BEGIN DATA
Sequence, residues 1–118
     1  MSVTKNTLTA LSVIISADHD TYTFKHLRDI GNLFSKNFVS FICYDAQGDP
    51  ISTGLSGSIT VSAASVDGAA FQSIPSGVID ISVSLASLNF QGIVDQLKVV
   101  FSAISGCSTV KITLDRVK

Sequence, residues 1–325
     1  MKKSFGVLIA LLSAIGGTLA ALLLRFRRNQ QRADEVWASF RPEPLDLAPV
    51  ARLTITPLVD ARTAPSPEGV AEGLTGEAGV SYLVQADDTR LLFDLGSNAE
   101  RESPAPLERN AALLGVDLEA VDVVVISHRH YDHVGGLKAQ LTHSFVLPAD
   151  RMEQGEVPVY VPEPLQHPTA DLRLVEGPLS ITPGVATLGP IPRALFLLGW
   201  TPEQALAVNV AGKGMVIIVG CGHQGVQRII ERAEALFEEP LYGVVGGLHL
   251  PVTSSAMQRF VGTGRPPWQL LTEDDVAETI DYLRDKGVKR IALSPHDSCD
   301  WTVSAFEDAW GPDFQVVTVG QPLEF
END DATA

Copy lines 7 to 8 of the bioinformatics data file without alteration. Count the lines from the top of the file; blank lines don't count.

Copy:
    51  ARLTITPLVD ARTAPSPEGV AEGLTGEAGV SYLVQADDTR LLFDLGSNAE
   101  RESPAPLERN AALLGVDLEA VDVVVISHRH YDHVGGLKAQ LTHSFVLPAD